I felt the familiar coil building in my stomach. “Wow….” I thought. “They really have it together! I should get it together…I should do more. We should read more novels aloud as a family, get out ice fishing again…ya. We should.” A familiar scene, playing out in my brain: silently berating myself for not being able to do MORE. Always, more.

I know that I am quite prone to the comparisons game, especially if I’m not on my guard, protecting my heart from it. I think that many of us women are. I don’t know if it creeps in on me more or less than it does for others, but I know that its partner can come creeping in shortly after: shame.

My husband and I attended a homeschool conference once, and while the details are gone now, I will never forget attending one seminar in particular on comparisons. The speaker talked about seeing a family with ten children, all dressed in matching clothing, all playing harps, beatifically. He spoke about that old feeling, that old comparison game, creeping in. He had lots of examples, and in one such example, the seemingly perfect family exited the stage, and once they turned the corner, the mask fell. Ripples of discontent and short answers ensued, proof that this family was indeed REAL and not some superhuman, unattainable standard. The image saddens me: a family that can look so real while performing and yet come off stage to rip each other apart behind the scenes with ugly words. The message to onlookers is that they are perfect, while in reality, IT ISN’T REAL. Because it can’t be.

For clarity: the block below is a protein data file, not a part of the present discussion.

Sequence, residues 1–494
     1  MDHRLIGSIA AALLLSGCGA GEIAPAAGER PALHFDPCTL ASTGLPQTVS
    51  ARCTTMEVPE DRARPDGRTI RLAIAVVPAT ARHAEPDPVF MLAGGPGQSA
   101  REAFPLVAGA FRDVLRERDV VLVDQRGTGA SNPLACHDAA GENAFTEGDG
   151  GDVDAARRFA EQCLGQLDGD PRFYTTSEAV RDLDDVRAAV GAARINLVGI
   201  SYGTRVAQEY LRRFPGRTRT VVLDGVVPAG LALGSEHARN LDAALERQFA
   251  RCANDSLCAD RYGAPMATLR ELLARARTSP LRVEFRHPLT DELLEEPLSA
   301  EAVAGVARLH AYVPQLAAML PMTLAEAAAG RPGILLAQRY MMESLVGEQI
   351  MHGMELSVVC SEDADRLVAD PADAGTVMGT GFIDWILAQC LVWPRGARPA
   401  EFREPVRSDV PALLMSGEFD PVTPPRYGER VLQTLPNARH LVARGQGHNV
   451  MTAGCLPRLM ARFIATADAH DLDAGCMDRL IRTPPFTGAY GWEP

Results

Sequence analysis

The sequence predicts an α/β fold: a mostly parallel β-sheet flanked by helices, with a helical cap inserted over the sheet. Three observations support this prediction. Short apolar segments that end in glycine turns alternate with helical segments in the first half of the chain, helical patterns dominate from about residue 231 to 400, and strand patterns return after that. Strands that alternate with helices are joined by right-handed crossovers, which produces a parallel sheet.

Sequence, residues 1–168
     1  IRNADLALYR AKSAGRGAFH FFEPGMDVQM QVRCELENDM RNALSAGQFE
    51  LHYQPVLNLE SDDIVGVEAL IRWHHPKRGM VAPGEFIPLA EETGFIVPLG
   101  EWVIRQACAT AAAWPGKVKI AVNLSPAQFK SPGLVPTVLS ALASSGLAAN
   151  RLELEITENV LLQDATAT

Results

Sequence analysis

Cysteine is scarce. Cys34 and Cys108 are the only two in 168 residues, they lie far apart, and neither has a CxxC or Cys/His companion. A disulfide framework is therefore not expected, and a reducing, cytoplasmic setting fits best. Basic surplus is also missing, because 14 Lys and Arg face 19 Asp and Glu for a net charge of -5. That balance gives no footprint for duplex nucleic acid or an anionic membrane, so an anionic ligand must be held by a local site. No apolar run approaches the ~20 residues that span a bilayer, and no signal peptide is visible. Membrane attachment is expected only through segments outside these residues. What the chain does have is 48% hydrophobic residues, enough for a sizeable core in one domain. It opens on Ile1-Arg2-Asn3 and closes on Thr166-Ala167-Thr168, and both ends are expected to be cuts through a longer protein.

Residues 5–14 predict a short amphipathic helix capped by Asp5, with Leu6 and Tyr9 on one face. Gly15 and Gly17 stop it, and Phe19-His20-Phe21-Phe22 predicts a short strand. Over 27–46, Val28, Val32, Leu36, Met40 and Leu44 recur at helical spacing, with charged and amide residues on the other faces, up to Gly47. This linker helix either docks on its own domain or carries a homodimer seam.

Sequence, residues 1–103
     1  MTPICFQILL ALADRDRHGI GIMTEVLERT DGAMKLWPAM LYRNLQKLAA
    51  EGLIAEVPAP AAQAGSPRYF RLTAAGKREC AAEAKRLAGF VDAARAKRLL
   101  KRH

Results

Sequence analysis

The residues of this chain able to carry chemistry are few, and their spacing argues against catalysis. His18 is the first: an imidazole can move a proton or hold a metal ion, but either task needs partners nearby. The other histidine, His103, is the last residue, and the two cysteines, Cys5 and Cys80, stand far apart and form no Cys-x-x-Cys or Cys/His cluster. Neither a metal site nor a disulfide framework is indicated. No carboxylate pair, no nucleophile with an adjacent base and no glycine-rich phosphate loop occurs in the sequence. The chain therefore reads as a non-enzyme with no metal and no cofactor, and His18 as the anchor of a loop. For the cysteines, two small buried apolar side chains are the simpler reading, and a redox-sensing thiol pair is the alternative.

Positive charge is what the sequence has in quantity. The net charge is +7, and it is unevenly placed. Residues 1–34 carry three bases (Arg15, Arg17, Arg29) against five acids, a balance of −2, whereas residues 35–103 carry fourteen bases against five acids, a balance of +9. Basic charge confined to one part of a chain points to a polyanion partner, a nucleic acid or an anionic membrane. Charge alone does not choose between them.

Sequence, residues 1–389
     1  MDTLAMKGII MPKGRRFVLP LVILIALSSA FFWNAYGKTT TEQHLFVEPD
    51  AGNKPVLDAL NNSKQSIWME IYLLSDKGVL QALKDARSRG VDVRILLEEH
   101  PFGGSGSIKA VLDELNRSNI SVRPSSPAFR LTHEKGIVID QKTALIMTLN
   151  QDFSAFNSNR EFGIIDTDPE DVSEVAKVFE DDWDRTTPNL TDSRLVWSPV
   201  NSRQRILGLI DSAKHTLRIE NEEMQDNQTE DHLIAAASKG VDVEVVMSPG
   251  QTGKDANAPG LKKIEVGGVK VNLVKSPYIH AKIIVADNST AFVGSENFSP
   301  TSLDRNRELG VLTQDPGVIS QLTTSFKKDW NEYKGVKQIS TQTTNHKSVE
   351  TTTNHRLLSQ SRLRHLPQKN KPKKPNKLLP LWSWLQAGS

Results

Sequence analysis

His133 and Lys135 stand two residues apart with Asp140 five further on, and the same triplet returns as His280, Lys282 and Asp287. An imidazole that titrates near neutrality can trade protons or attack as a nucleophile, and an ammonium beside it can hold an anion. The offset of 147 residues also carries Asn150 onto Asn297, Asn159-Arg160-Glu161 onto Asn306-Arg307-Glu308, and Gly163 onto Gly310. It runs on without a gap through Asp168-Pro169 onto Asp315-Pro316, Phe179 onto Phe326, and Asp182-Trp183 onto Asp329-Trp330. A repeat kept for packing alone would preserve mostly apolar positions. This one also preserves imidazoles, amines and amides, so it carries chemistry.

Have you ever sat in church, at a conference, at any event, and seen that perfect family? The one whose children sit from largest to smallest, without making a peep, meekly obeying requests from their parents? I have, usually while managing a massive outburst from one of my own, while also realizing that another one of my kids is wearing their pants on backwards with their underwear on the outside. How did we not notice THAT before we left the house?! Because we are human, and we deal with an incredible amount of tasks every single day.